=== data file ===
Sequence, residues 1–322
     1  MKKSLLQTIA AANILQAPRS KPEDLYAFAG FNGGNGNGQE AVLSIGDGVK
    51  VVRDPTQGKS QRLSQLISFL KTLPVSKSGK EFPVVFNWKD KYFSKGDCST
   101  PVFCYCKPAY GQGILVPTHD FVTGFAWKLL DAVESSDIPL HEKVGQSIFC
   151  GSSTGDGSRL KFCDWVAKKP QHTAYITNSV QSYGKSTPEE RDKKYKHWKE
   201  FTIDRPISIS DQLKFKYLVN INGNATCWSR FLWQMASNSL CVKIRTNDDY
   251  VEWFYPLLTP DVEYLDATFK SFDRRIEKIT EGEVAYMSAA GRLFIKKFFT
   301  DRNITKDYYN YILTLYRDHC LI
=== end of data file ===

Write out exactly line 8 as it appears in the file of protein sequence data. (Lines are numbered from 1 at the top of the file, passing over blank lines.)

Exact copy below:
   301  DRNITKDYYN YILTLYRDHC LI